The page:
# Run! A giant chipmunk is attacking the city--or is it? [closed]

A chipmunk. 300x normal size. Dangerous. Especially when attacking a city. But there are some unknowns. I have some obstacles to get around.
1: A chipmunk can hold a pound of food in each cheek pouch. Does this mean it could hold three 100 pound humans in each pouch?
2: Would this creature move on all fours or upright? It is very strong and can withstand the weight and can move its huge legs, but
3: Can it move fast? And would it be able to not trip over buildings?
4: If this monster is possible to create, could the city defend themselves? The city is equivalent to a modern-day city.
5: I want the chipmunk to be able to throw huge nuts, but is this even possible? Remember he is very strong.
How could I get around these obstacles?
Clarification Edit:
It will throw nuts at vehicles like planes and tanks. However, it have relatively poor eyesight. The world is partially magical, so it wouldn't collapse under it's weight. It's also how it got big. Assume it won't keel over and its muscle can move its legs.

## closed as too broad by Aify, nzaman, a CVn, Alexander von Wernherr, SeparatrixFeb 10 '17 at 12:17

Please edit the question to limit it to a specific problem with enough detail to identify an adequate answer. Avoid asking multiple distinct questions at once. See the How to Ask page for help clarifying this question. If this question can be reworded to fit the rules in the help center, please edit the question.

• You cannot put in magic into a question with a reality-check tag. Which do you want? Reality or not? – SRM Feb 10 '17 at 5:13
• @SRM I agree. I answered by saying no, this isn't realistic, and adding magic invalidates the answer. – Zxyrra Feb 10 '17 at 5:14
• Hi there - I see more than 5 questions in this "question." Typically, we like to have around one question per post. This question is too broad and opinion based once you invalidate the "it's not possible" answer (It's the only correct answer), and I'm voting to close as such. – Aify Feb 10 '17 at 6:12
• What @Aify said. Besides the unrealism of this (which you could, in principle, lampshade away using an appropriate amount of handwavium), you are simply asking too much at once. You might start with defining exactly what you mean by "300x size" (height? mass? or what?) and then focus on one aspect (for example, how fast it would be able to move, or how a human city could defend itself against a creature that size using those tactics). Once you have received satisfactory answers to that, take those answers as input to a new question that asks about some other aspect. – a CVn Feb 10 '17 at 8:43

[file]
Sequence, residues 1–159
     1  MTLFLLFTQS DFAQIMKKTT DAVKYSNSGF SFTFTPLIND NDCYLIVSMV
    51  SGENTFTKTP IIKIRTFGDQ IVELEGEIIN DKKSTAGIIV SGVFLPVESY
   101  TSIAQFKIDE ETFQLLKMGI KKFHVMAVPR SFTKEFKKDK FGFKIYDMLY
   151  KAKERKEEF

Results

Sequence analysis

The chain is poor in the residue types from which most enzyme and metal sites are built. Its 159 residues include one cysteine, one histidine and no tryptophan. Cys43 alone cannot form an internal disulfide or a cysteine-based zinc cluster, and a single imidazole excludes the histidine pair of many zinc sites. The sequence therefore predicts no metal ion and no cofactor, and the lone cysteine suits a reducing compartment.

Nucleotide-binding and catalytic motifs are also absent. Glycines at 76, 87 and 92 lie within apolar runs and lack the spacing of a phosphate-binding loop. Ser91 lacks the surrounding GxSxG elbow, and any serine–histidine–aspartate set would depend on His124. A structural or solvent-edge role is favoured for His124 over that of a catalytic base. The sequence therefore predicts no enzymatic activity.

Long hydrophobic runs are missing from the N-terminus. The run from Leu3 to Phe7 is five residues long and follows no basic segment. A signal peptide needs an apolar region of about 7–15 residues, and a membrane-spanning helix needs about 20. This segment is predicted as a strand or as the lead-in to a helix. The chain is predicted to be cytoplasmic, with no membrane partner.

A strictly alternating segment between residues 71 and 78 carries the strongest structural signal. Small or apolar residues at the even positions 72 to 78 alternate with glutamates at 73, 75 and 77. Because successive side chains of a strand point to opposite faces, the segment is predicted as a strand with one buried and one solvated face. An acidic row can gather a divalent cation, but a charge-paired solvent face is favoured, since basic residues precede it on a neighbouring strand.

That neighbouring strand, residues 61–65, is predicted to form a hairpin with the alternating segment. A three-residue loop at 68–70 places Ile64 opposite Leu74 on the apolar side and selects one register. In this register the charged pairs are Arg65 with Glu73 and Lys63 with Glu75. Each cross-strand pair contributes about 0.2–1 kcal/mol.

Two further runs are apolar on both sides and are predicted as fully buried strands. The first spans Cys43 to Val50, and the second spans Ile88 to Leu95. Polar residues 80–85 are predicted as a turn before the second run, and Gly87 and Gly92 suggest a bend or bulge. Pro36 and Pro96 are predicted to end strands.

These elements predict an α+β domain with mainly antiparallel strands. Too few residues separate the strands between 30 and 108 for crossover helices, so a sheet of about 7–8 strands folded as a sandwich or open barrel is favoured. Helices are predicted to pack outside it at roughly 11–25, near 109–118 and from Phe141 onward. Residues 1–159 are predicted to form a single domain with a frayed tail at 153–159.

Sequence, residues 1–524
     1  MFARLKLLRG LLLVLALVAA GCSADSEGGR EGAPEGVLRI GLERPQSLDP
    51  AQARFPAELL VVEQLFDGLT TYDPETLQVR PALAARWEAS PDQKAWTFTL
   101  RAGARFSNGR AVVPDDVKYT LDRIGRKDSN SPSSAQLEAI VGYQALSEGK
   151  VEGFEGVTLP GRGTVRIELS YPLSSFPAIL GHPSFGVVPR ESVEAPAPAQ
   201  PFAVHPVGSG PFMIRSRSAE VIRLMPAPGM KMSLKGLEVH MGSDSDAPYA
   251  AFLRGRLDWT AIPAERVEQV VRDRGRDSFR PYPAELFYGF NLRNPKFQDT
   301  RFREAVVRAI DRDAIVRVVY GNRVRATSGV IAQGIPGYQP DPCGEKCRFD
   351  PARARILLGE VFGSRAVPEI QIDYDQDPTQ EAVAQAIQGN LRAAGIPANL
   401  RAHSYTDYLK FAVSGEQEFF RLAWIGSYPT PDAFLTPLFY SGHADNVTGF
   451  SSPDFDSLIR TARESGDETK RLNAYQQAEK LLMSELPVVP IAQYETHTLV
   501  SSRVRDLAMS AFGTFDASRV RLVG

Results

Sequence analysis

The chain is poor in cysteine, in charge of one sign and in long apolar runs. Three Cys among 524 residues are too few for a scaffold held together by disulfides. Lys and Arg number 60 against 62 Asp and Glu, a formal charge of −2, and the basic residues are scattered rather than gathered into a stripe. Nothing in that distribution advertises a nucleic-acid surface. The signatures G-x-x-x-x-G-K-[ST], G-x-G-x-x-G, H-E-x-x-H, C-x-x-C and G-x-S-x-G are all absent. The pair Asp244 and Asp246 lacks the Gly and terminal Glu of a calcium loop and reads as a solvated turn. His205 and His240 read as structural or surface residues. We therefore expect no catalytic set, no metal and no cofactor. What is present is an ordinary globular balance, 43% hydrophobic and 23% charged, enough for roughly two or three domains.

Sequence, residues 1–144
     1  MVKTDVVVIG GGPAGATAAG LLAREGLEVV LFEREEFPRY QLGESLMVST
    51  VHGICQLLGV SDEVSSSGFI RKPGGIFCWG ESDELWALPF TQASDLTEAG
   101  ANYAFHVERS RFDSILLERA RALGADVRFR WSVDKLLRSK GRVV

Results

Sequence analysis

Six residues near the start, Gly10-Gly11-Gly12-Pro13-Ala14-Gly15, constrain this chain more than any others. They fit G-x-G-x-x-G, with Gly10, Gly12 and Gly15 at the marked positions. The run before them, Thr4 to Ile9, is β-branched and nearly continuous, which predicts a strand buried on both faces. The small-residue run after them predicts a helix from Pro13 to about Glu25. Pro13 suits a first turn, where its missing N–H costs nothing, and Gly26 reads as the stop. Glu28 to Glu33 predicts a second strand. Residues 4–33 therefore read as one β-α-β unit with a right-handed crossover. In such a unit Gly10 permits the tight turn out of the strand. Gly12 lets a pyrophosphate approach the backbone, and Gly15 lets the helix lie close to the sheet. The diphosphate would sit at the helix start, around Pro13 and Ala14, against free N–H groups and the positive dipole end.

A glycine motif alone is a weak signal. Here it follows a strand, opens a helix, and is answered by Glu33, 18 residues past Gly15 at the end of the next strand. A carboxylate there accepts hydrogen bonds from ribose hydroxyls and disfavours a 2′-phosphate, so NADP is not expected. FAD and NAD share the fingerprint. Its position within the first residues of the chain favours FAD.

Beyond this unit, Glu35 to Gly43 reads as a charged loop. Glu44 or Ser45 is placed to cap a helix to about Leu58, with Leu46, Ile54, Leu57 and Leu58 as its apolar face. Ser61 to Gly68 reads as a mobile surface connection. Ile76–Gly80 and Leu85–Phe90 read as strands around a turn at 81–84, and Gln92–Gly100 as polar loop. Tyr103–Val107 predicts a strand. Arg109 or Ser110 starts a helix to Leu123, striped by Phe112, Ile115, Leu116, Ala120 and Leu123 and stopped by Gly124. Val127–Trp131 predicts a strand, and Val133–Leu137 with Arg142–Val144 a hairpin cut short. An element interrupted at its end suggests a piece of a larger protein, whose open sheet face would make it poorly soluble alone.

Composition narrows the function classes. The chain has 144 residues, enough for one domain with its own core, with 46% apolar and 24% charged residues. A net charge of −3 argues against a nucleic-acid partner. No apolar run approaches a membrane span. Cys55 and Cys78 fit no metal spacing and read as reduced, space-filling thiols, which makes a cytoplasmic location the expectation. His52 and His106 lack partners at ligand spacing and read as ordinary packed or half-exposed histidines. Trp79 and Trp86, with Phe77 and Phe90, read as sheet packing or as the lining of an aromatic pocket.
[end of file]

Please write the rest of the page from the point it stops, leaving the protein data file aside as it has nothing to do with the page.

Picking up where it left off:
• Compare also Can you simply scale up animals? – a CVn Feb 10 '17 at 12:09

## The Square-Cube Law has arrived.

Your chipmunk's strength has increased by a factor of 300$^2$, or 90,000, but it's mass (weight) has increased by a factor of 300$^3$, or 27 million! That means it has to do 300$^1$, or 300, times as much work just to move. That's just not possible, regardless of how the chipmunk came to be - and that's why nothing on Earth can get that big.

• Its bones would snap under the weight
• Its muscles could not move that much weight anyways
• Its heart would not be able to pump blood throughout the entire body
• It couldn't really pump anything actually
• Its nerve impulses would be severely, cripplingly, delayed
• It would take a significantly larger amount of food - likely 300$^3$ (27 million) times as much
• Its nervous system, scaled up, could not possibly fight all the normal-sized pathogens attacking it (which would have much more space to enter through)
• Its brain could not possibly process the light entering its eyes or the frequency of sound entering its ears. Its tongue could not taste anything, nor could its nose smell.

In short, physics stay normal-sized when you make something bigger.
Just getting that out of the way because you used the tag.

1. Both. It could fit that much mass (three people) in that volume (per cheek) but they would likely put up a fight.
2. It couldn't live, let alone walk. If you're ignoring all the reasons why it would die, you might as well have it walk as normal, or to be safe, take very small steps.
3. It would, realistically, die, but if you're pretending it wouldn't, it would be 300 times slower. The readers won't like that, so pretend it can go at normal speed.
4. The city would have to lure it somewhere (using a helicopter, maybe) to avoid civilian deaths, then blow up a bomb close to its heart or head to kill it. Assuming, of course, it wouldn't be crushed by its own weight, etc.
5. If the nuts are also scaled up, they will have 300$^3$ times the mass. Rounding their masses to 2 grams each at normal size, they will be about 119,059 pounds scaled up, or about 60 tons. That's enough to do damage.
• The chipmunk is EXTREMELY strong, and it's body can withstand the weight. – KingraHoundoomJazz Feb 10 '17 at 4:55
• For 4, it would just knock the copter out of the sky with a peanut. No dodging the shelled shells of doom. – KingraHoundoomJazz Feb 10 '17 at 4:56
• @Bubbles_as_Jazz That's not how it works. Physics stay normal-sized when you make an animal bigger, and that causes a hundred problems that will prevent it from being able to breathe, pump blood, move, see, basically everything. Of course it will be stronger, but it will be heavier, and its bones will still be made out of bone. – Zxyrra Feb 10 '17 at 5:00
• @Bubbles_as_Jazz I would not recommend editing the question. Edits aren't supposed to invalidate answers, they're supposed to clarify what you mean. – Zxyrra Feb 10 '17 at 5:01
• It IS doing that, in a way. – KingraHoundoomJazz Feb 10 '17 at 5:03